July 22, 2018

Corporate Accounting Jobs

Big 4 Boomerang: Former Auditor, Bored with Corporate Gig, Wants to Join Advisory Group

Ed. Note: Have a question for the career advice brain trust? Email us at [email protected].

Dear Going Concern,

I started my career in B4 Assurance, got the bump to SA relatively quickly (1.5 yrs), stuck it out for another year, then jumped ship for corporate goodness (Fortune 100 – double the money, half the hours). I’ve been doing that for 5 years now, and I feel like I’ve plateaued. I’ve been promoted 3 times in those 5 years, but I’m sufficiently elevated in the corporate ranks now that my next step is likely to be more a function of “serving my time” rather than continued innovation and stand-out work product; a war of attrition, if you will. I put in 40 hours in a rough week, don’t travel, and my comp is on par with (or slightly in excess of) a B4 Senior Manager in major markets (think NYC, Chicago, LA, SF, etc).

So, on to my dilemma: Am I crazy to be considering a jump back to B4? I miss the challenging work, and the energetic work-force, but I don’t necessarily miss working 80 hours a week. My primary driver is to be interested and engaged in what I do every day. Making partner and a seven figure income is a nice idea, but is just an afterthought in the context of this decision. I wouldn’t make this move expecting to become a partner (although if that’s how it played out, hooray for me). I’m looking for your candid feedback, criticism, blunt verbal beat downs, etc. I’m also looking for input from the GC rank and file – particularly those that have done what I’m considering: B4 -> cush corporate gig -> back to B4.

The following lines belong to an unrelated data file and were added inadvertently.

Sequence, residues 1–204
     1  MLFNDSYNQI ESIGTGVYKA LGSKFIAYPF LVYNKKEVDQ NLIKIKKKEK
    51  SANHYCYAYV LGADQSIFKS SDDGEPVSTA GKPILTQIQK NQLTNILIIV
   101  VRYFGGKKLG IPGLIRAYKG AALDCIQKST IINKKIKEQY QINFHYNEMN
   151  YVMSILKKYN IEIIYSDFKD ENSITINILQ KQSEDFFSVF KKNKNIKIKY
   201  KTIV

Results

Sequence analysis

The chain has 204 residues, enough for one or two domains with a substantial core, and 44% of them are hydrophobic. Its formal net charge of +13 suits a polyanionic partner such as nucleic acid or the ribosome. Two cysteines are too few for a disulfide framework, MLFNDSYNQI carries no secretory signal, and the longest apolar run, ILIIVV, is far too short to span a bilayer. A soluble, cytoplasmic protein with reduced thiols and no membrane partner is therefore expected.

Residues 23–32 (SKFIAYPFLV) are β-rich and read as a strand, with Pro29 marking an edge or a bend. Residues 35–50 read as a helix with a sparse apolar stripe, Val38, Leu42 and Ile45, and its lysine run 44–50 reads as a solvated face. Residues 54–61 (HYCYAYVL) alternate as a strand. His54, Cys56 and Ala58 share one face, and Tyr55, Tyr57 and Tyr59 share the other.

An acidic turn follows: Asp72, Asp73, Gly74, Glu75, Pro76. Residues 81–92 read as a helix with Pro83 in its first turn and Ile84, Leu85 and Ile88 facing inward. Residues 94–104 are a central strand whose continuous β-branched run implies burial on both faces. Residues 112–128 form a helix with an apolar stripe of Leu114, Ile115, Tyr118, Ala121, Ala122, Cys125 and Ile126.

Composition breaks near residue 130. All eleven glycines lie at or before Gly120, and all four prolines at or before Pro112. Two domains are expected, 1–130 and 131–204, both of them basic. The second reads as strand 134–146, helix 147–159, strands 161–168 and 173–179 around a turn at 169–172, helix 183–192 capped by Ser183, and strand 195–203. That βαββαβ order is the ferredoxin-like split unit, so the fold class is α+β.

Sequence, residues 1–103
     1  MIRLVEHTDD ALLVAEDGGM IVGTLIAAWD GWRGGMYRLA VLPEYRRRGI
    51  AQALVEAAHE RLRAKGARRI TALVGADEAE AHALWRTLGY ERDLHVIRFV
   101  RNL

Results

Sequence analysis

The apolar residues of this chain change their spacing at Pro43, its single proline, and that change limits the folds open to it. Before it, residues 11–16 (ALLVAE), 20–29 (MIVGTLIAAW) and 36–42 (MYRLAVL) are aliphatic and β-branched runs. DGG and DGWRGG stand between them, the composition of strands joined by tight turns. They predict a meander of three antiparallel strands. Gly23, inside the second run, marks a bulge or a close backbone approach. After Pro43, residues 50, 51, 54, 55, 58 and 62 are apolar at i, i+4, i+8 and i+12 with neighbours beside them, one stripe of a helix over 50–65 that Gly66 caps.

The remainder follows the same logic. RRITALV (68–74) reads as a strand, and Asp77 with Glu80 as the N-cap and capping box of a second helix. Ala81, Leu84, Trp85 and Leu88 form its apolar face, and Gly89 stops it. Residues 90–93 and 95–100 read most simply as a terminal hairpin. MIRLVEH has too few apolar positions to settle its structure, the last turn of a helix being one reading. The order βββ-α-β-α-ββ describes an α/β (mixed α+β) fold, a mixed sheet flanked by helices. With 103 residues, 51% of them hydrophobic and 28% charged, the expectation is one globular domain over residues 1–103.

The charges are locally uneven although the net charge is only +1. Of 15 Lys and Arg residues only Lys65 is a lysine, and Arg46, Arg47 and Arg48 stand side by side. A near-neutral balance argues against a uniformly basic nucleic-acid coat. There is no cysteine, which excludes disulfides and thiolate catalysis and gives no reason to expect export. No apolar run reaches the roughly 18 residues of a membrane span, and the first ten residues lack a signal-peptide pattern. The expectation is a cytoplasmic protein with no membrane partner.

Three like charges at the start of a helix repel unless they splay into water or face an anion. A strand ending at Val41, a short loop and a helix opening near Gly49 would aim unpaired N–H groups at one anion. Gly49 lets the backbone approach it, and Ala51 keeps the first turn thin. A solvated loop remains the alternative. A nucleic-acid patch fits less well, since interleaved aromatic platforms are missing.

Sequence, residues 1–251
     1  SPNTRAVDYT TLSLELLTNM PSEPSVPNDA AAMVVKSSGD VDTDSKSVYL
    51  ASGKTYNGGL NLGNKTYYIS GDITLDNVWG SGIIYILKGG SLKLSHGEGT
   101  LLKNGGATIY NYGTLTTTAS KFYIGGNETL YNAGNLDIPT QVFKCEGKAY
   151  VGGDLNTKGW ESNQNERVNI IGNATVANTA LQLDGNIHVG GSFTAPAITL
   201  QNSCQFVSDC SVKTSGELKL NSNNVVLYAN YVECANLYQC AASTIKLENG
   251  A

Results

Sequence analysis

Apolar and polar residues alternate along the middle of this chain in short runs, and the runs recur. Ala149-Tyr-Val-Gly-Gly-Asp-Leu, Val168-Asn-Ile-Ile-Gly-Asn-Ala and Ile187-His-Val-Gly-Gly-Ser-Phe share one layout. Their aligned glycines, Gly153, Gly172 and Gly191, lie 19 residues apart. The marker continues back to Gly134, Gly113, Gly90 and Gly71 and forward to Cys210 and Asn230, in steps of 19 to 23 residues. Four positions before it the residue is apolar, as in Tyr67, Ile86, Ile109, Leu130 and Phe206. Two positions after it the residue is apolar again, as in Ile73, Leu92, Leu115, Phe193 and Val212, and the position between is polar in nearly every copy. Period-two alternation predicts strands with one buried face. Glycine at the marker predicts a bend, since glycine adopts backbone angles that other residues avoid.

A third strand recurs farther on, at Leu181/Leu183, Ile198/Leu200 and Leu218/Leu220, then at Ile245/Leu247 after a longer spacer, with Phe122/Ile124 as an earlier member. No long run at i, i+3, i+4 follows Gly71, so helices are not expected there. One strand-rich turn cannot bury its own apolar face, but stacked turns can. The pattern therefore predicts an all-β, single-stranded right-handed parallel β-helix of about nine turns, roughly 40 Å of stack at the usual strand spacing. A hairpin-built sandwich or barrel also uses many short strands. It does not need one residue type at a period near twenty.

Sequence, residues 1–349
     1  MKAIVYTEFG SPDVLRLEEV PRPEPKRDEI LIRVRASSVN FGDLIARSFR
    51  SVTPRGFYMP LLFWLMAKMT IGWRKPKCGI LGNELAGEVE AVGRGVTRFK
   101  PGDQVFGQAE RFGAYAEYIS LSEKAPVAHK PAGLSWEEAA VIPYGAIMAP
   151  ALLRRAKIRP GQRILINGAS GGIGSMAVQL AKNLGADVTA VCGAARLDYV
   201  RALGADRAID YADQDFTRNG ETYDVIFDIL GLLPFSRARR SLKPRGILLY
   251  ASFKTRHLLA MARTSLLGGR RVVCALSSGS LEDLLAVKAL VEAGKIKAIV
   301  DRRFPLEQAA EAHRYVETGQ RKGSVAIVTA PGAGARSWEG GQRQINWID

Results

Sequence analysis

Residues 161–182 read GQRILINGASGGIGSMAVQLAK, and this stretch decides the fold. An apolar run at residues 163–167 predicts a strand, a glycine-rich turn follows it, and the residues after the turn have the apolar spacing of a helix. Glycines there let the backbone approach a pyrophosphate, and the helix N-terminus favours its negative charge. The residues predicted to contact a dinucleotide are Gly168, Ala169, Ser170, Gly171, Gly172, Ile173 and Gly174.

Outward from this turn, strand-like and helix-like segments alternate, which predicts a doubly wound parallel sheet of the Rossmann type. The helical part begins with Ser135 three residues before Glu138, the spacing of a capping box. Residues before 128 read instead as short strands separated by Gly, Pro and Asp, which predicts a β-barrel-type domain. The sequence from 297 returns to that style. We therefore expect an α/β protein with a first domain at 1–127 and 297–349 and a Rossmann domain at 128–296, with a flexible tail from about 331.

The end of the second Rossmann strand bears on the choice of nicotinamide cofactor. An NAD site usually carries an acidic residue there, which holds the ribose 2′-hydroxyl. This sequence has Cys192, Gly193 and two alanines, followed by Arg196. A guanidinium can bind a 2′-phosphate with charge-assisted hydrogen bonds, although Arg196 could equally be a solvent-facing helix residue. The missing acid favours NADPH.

Let’s assume for the sake of this question that with my skill set, I could re-enter as the equivalent of an experienced Manager, or first year Senior Manager in one of the Advisory practices. Let’s also assume that I have partner friends at all of the Big4, that my experience and academic pedigree are top notch, and that I have a lot of corporate contacts that are ideal for selling new business. So essentially, the option is there – I just have to choose to do it.

Sincerely,

Glutton4Big4

Dear Glutton4Big4,

Crazy is a relative term, and we’re all a little crazy around here at GC. I find your confidence in both your Big 4 and private industry contacts to be refreshing and brazen. Who cares that the economy is still a sputtering engine block inside a car chassis that’s resting on blocks, you have connections! Of course you’ll get a job back in public! OF COURSE your private industry drinking buds will want to sever whatever pre-existing consulting relationships they have with other vendors and go wherever you are!